McMaster University

Demystifying Medicine
Seminar Series

ALS and glial cells

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The cause of Amyotrophic Lateral Sclerosis (ALS), a neurodegenerative disease that causes paralysis, is currently unknown. Recent research suggests that neuron-supporting cells of the brain called Glial Cells or Glia may play an important role in understanding ALS. This video explores current perspectives about the role that some glial cells play in ALS progression.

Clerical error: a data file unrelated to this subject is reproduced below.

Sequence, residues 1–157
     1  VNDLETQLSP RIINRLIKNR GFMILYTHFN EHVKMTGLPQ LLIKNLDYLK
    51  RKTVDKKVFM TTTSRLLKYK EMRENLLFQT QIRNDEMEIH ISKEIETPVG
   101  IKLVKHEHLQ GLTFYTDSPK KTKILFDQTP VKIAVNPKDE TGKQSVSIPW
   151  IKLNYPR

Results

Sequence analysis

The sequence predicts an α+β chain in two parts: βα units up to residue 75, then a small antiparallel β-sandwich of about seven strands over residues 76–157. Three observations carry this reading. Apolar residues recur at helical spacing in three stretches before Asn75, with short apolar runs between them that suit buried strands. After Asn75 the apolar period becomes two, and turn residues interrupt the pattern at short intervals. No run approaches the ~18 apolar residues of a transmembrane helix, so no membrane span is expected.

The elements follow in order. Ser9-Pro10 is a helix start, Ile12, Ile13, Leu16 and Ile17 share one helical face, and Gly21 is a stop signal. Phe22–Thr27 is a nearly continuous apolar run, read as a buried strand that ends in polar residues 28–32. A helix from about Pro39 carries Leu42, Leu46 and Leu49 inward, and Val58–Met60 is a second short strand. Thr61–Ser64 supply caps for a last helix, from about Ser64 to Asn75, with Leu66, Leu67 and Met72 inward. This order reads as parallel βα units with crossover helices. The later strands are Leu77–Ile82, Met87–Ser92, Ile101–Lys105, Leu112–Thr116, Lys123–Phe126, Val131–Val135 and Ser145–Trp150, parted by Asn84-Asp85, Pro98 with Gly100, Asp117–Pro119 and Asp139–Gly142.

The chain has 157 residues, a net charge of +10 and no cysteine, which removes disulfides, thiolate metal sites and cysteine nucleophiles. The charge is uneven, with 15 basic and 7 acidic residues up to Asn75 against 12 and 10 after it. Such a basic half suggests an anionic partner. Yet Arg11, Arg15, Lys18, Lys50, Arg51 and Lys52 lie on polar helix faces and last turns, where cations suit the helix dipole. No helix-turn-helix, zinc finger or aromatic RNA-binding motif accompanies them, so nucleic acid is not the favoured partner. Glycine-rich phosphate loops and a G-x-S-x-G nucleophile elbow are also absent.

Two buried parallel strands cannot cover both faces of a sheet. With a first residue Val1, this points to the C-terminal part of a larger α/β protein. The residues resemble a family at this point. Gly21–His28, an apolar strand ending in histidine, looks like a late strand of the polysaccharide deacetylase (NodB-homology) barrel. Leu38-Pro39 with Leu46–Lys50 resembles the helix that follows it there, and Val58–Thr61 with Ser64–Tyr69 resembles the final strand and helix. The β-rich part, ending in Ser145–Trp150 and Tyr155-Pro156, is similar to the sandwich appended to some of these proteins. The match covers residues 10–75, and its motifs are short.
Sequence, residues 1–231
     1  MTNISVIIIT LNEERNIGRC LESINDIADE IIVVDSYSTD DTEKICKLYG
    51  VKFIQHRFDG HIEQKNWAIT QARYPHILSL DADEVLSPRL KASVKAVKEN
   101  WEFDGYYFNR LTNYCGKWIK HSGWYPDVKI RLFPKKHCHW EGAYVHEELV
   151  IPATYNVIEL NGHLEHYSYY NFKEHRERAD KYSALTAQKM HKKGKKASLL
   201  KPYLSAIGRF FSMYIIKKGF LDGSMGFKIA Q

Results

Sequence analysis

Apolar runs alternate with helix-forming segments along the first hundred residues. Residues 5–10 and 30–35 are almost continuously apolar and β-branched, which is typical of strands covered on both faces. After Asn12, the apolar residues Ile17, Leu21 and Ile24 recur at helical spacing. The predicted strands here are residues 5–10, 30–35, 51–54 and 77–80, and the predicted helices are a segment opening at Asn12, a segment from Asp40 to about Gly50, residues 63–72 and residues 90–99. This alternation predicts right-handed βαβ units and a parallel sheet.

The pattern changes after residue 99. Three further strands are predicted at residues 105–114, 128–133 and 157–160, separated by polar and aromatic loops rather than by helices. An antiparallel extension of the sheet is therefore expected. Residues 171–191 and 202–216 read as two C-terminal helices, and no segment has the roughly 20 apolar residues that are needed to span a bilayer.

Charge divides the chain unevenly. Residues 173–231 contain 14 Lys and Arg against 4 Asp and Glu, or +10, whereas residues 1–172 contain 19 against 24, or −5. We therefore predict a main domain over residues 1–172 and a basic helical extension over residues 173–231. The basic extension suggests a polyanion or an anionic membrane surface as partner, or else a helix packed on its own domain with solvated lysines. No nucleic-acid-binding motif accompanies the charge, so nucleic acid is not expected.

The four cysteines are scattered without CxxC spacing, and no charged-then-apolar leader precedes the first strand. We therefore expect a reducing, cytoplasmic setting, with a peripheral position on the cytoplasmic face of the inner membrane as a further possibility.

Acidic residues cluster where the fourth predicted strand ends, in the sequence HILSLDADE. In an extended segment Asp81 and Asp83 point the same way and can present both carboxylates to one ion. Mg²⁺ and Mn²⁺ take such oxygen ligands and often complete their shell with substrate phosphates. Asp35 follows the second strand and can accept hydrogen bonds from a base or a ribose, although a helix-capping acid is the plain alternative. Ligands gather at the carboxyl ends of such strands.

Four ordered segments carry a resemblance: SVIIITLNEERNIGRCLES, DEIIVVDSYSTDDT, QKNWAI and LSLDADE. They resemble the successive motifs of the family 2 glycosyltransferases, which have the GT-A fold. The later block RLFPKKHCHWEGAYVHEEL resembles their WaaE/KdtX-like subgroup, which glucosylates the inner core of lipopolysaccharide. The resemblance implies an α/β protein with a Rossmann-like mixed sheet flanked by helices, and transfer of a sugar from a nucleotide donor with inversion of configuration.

— Video by Nicole Liu, Zoe Mackintosh, Aaron Hayat and Leena AlShenaiber

References

  • Arbour, D., Velde, C. V., & Robitaille, R. (2016). New perspectives on amyotrophic lateral sclerosis: The role of glial cells at the neuromuscular junction. The Journal of Physiology, 595(3), 647-661. doi:10.1113/jp270213
  • Fernandes, J. (2016, November 02). In ALS, Good Astrocytes and Microglia Cells Turn Bad. ALS News Today.
  • Lasiene, J., & Yamanaka, K. (2011). Glial Cells in Amyotrophic Lateral Sclerosis. Neurology Research International, 1-7. doi:10.1155/2011/718987
  • Philips, T., & Rothstein, J. D. (2014). Glial cells in amyotrophic lateral sclerosis. Experimental Neurology, 262, 111-120. doi:10.1016/j.expneurol.2014.05.015
  • ALS Canada. What is ALS? (n.d.).